I finished my third sewalong today with the completion of the Pendrell blouse – yes! This was a great sewalong, run by Tasia at Sewaholic: fast paced, good, clear photos and tutorials and lots of great advice. There’s also a Sewtionary on Tasia’s blog where she unravels the mysteries of various tricky sewing techniques by means of step-by-step tutorials. It’s really useful stuff, if like me, you get a blank head full of cotton wool every single time a pattern calls for under stitching a facing to a neckline. I don’t know what’s wrong with me - I’ve done it countless times but still there’s an absolute vacuum in my brain every time it comes up!
And so, on to the Pendrell … a little peach of a pattern, well designed and clear and a pleasure to follow and use (in the same way the Collette Patterns are). This would be a perfect first project for a beginner as it’s easy to sew together and there are no closures (zips, buttons etc), just a neckline bound with stretchy bias binding. It’s a loose, drapey fit but is given shape by the cunning use of princess seams right down the front and back of the blouse. I chose view B, but omitted the seam ruffle as too many ruffles make me feel like Dog Toby from Punch and Judy. As I’ve mentioned before, Sewaholic patterns are designed for the pear-shaped figure. I’m curvy, but not pear-shaped so I sewed a bigger size than usual to accommodate by bust and waist and decreased the hip on the pattern to bring it more in proportion. I still had to take in the side seams at the bust and waist quite a bit, so I think for my next version I’ll try the next size down.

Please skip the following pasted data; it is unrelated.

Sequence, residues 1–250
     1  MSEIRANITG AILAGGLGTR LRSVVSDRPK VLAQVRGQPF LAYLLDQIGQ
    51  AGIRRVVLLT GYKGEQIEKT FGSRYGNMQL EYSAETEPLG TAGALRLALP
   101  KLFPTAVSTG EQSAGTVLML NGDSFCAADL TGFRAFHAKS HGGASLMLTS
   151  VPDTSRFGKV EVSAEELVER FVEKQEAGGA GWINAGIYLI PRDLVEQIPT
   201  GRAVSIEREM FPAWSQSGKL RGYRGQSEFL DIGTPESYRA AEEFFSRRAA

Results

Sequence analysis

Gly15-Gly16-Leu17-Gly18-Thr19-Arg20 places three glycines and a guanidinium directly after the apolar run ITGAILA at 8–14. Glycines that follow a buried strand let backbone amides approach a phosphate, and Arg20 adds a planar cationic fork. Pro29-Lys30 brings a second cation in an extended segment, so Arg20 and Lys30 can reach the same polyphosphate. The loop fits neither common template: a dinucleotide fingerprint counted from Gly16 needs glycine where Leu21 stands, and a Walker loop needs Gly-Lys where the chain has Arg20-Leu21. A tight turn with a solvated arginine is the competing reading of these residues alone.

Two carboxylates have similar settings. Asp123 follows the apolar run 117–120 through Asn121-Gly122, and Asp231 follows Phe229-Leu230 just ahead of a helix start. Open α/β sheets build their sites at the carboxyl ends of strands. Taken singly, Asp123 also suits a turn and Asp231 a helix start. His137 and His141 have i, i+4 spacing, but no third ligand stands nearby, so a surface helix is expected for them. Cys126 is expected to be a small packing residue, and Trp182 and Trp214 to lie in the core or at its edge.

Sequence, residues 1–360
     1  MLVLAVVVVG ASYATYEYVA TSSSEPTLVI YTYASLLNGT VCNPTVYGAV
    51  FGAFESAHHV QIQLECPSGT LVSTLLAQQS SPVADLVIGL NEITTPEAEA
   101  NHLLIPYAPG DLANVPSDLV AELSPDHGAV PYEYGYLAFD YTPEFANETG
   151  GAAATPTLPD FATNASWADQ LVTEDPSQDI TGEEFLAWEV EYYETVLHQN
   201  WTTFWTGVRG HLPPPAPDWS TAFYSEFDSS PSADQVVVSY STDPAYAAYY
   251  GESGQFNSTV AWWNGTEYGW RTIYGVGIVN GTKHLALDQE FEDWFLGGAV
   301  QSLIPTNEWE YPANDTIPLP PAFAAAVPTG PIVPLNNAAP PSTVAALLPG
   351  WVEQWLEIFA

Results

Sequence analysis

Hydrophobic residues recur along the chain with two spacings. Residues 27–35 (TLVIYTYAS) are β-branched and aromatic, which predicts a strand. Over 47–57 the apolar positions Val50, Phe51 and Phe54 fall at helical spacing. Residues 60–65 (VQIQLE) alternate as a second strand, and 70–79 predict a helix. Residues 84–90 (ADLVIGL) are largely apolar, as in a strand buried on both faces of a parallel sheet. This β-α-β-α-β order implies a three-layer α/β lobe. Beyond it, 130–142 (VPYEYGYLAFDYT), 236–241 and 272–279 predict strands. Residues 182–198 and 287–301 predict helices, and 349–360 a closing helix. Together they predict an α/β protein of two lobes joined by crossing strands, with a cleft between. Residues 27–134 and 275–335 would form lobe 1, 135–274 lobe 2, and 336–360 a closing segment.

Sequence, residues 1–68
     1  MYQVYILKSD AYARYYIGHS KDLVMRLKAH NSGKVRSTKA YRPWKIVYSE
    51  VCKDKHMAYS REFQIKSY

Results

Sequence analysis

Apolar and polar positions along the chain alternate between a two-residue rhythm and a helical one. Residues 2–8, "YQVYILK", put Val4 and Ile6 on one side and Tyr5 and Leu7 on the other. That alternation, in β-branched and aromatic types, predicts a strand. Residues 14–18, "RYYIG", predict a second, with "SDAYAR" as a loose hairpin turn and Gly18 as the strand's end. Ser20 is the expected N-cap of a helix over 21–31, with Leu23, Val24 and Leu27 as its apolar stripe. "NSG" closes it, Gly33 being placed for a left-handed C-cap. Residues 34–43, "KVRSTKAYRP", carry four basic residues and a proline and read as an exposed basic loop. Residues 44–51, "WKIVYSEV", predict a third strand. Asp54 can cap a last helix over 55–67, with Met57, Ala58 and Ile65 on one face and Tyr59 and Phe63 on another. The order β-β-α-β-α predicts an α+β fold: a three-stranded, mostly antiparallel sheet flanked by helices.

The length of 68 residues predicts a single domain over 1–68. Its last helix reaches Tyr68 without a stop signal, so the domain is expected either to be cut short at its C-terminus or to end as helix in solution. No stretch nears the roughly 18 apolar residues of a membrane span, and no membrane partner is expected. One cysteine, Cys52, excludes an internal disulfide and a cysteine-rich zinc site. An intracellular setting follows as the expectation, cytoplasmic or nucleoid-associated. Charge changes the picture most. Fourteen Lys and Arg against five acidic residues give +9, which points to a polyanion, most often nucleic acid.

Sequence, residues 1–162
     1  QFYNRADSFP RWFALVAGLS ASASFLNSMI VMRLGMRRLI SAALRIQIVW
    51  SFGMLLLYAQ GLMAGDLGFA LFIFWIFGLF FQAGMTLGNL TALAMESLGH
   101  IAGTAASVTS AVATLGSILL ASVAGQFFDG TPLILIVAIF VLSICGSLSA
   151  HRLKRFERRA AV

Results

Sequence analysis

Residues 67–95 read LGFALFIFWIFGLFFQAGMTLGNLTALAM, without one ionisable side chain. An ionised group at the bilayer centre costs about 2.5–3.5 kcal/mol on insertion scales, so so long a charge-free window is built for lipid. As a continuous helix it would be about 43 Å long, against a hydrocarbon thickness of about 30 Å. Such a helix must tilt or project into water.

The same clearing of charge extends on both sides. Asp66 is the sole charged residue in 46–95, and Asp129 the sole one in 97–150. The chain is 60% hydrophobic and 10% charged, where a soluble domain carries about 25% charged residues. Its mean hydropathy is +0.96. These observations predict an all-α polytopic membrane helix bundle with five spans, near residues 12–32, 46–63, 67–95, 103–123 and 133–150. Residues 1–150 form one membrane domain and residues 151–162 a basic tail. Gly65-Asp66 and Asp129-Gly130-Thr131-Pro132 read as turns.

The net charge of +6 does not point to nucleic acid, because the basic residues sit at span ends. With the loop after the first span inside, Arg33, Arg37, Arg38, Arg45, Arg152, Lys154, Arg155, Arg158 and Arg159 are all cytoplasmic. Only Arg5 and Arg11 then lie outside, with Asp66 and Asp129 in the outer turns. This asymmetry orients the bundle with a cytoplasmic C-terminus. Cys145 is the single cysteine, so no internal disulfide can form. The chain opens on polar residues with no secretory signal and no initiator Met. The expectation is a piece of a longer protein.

The fabric was one of the Innocent Crush voiles from Anna Maria Horner. There was a lot of excitement from other bloggers over the summer about them and I can totally see what all the fuss was about. Ooh, what a lovely, buttery (Anna Maria Horner's word, not mine) feel this fabric has, and it’s so drapey. Because the Pendrell is cut quite long, it’s perfect for tucking in.
|Ooh, lovely trousers, where did you get them?...|
As an experiment, I thought I’d try on my Sencha blouse and tuck it into my new 1940’s strides as the Pendrell looked so flattering. Crikey, what a difference in the feel and look of the fabric. In my naivety as a rookie seamstress, I used a medium weight quilting cotton for the Sencha. Having now sewn with voile, the quilting cotton feels like it’s been in a bath of starch for a week. It's so stiff, what was I thinking?! I still like it and will wear it again, but I’m afraid it will be forever afflicted with bad, stiff fabric syndrome.
This is a great, versatile blouse which I'm sure I'll wear a lot over the coming months. As well as teaming with my fine slacks, it also looks good untucked with jeans.
|Casual, jeans wearing girl|
I've already planned my next version....
So, I’m now in the unusual position of only participating in one sewalong - Casey’s Swing Dress. I’m planning to sew up my muslin tomorrow, but her post on how to sew up the complicated, gathered shoulder seam look terrifying, so maybe it’s a good thing I’ve only got that to concentrate on!
It hasn’t all been dressmaking though; I’ve got some exciting craft news which I’ll let you know about in the next post. Have a good Thursday everybody. x